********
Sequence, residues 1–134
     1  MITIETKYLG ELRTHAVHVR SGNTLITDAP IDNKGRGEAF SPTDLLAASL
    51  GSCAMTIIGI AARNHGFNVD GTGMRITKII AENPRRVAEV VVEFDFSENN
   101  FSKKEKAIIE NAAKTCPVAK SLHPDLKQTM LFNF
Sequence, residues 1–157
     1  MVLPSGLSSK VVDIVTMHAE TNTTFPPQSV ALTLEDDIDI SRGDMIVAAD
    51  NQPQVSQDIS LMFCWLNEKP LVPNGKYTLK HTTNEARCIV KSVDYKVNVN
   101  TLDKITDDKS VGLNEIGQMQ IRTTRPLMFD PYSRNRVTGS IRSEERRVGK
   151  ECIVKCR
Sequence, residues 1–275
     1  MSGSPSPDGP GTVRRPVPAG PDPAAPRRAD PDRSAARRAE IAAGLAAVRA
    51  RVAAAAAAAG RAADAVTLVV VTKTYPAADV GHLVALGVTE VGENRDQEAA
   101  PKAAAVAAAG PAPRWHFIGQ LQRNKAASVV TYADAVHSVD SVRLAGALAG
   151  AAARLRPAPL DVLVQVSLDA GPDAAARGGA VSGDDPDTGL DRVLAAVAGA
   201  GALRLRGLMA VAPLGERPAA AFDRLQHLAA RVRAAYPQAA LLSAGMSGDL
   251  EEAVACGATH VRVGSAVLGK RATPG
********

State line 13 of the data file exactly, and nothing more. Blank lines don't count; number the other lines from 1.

   101  PKAAAVAAAG PAPRWHFIGQ LQRNKAASVV TYADAVHSVD SVRLAGALAG